If you consider, for example, a diabetic who would like to avoid further complications such as kidney or nerve damage. They also may find it difficult getting into a new routine when first diagnosed – a connected device has the potential to prompt and guide them into the routine.
Patient monitoring gives us a better chance of finding issues earlier. Data from connected devices gives clinicians more information to go on than what they typically have immediately available when a patient comes in to see them. Connected devices can offer more data points and information specific to the individual.
Consider patients who have been admitted to a hospital where there is constant monitoring of their condition. Once discharged, it’s much more difficult to monitor them from afar. Connected devices offer that improved monitoring to ensure patients are doing what is needed. This can help hospitals to reduce readmission rates, which is a huge issue among their performance indicators.
#2. Increasing market share
We live in a world that is highly connected. As such, there is a patient expectation that connected devices should be available. When you have two comparable devices, both with the same clinical outcomes, only one is connected and the other isn’t, it is very likely that patients will choose the connected device.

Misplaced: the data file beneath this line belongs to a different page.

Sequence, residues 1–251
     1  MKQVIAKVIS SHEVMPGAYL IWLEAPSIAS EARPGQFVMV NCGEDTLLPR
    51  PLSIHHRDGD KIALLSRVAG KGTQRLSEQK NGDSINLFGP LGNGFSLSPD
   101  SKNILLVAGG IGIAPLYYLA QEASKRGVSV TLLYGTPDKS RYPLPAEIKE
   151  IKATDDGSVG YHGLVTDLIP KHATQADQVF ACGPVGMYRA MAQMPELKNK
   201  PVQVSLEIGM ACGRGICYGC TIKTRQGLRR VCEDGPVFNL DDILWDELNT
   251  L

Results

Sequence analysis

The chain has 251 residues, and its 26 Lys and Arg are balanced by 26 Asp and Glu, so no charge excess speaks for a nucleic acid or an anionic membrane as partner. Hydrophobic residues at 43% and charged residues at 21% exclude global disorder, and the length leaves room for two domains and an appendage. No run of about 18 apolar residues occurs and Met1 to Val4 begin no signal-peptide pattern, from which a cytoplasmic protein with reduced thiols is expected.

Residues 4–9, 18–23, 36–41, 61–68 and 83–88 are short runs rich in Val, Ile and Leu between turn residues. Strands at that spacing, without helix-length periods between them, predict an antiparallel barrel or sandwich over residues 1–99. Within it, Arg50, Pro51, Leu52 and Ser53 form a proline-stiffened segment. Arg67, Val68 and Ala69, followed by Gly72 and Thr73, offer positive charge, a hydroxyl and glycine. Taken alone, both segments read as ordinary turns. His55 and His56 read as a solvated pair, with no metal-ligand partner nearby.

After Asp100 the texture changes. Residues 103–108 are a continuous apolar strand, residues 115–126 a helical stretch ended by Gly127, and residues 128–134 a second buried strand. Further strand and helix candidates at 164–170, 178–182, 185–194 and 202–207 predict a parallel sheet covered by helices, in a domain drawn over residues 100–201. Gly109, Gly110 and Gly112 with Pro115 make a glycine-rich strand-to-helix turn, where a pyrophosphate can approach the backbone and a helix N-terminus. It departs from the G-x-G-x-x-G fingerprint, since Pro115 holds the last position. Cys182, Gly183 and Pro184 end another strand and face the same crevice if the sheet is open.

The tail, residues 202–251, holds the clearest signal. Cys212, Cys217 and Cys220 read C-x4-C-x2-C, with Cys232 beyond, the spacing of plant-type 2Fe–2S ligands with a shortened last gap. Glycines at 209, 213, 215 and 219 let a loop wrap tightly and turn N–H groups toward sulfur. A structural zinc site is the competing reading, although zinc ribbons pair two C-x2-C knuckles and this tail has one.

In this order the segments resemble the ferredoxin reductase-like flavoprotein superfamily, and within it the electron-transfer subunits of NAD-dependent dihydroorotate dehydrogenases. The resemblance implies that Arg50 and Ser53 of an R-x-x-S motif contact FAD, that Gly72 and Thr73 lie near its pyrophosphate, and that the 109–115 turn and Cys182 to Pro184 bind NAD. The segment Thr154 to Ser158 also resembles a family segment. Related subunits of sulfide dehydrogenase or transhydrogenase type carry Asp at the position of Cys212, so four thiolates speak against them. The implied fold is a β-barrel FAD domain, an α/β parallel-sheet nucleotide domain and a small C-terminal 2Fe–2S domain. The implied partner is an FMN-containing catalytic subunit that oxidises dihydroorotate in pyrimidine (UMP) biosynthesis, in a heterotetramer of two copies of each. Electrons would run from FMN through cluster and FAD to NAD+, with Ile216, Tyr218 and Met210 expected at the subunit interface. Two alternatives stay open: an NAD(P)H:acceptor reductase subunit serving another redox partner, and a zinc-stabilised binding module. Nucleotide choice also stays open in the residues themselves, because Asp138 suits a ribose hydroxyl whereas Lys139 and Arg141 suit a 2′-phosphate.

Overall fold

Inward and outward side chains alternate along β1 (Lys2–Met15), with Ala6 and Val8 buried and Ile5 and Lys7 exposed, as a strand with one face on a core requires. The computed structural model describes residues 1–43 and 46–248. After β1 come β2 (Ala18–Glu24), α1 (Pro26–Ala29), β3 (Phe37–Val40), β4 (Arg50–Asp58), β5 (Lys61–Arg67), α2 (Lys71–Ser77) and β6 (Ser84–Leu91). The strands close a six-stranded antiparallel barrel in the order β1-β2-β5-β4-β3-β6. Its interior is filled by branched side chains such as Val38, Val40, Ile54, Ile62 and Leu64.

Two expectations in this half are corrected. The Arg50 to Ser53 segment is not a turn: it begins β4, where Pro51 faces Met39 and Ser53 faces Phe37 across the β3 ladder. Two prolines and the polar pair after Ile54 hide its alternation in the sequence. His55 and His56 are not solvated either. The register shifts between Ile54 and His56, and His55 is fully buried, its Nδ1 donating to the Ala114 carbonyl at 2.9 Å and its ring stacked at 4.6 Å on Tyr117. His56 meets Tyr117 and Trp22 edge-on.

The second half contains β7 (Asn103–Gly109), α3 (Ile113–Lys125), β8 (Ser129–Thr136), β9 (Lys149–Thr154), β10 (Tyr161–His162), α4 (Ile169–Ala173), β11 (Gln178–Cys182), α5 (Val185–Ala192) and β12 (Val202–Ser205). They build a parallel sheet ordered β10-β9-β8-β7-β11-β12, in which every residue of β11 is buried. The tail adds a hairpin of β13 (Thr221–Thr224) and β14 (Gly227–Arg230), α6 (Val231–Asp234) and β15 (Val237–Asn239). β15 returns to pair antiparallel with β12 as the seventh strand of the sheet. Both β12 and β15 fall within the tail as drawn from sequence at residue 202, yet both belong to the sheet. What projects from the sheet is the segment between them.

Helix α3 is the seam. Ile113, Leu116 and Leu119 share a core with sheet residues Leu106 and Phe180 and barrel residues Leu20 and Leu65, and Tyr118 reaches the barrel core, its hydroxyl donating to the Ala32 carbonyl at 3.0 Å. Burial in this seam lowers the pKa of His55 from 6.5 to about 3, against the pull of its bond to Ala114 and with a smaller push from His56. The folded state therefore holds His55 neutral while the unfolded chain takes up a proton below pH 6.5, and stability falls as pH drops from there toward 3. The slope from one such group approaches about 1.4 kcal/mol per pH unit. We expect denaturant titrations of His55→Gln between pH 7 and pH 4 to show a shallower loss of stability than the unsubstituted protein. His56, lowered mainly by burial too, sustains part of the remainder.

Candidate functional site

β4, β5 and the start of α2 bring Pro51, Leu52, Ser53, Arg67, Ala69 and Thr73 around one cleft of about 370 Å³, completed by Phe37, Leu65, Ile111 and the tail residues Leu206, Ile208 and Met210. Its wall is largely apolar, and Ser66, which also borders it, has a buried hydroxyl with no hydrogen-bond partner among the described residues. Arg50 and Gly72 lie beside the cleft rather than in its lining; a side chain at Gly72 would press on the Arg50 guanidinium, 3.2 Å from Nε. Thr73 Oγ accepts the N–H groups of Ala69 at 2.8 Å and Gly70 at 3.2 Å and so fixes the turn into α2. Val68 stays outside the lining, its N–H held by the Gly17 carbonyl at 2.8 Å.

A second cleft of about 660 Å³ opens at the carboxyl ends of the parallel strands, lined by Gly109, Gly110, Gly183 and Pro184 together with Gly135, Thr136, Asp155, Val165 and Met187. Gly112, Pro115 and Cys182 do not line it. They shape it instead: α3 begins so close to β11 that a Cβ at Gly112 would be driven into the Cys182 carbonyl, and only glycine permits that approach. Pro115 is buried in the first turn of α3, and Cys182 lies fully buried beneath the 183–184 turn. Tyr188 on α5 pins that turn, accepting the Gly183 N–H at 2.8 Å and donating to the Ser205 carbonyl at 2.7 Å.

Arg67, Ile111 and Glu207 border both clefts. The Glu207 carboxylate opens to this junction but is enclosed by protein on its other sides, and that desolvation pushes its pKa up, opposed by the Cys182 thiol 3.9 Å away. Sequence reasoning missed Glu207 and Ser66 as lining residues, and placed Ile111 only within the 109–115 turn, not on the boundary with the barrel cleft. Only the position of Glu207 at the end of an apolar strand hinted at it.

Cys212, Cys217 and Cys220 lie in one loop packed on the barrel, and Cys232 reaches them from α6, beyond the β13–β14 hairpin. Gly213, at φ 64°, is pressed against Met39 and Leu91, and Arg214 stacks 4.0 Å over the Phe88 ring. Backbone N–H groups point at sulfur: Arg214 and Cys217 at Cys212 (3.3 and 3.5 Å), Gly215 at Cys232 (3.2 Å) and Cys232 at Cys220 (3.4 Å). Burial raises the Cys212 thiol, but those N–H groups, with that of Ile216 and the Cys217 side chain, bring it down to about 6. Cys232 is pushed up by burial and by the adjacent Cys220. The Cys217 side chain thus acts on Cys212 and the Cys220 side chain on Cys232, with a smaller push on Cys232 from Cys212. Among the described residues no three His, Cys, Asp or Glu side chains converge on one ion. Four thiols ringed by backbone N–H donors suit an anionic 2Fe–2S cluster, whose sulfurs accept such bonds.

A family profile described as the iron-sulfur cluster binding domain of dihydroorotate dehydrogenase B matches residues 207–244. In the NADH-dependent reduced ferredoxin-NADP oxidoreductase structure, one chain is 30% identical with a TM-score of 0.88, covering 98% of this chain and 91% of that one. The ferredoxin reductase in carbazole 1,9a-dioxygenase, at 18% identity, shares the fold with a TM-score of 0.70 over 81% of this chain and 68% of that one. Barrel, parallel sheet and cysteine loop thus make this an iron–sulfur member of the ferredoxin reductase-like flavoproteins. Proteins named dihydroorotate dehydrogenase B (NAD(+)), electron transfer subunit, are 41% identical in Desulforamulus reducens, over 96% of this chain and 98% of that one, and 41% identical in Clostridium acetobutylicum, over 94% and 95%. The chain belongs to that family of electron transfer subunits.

The other part is that if you use the connectivity to improve patient engagement, you get a satisfied customer. Medical device companies would love to encourage brand loyalty, and patients will be more likely to use and recommend the device to others. With more common usage, devices get listed for reimbursement.
#3. Improving insurance coverage
Connected medical devices can help to improve insurance coverage by expanding indications for use, for example.
One way the data helps is that you are capturing real-time evidence that you’re able to share with insurance companies. You can prove that your device is helping and improving patient outcomes. The insurance industry looks at cost vs. outcomes – if you can improve outcomes or lower costs, they consider that you are adding value.
You can lower costs with connected devices by offloading data into a cloud infrastructure. This is generally always cheaper than other methods. If you have to do upgrades on your device, you can potentially do them remotely via the connected software. This is another cost saving as devices don’t have to physically be sent in.
Another potential cost-saving from device data is that you can use it to study the data and figure out if there are other applications for it. For example, there is a study program being coordinated between the FDA and MDIC called the National Evaluation System for Health Technology (NEST). The aim is to more efficiently generate better evidence for medical device evaluation and regulatory decision-making. FDA has released a guidance document on the use of real-world evidence for finding expanded indications for use.
Connected medical devices can be a key contributor to better patient outcomes and better business outcomes for the device company, too.
The collection and use of data is something that is increasingly ubiquitous, so it’s little surprise that it is becoming an expectation of patients. A more personalized level of care creates wins for everyone. The patient better understands what is happening and the clinician can provide tailored care.
Medical devices that are connected to the cloud aren’t just a future thought, they are here and it’s becoming increasingly necessary to join them to be competitive. They can be instrumental in boosting reimbursements and giving your company an edge.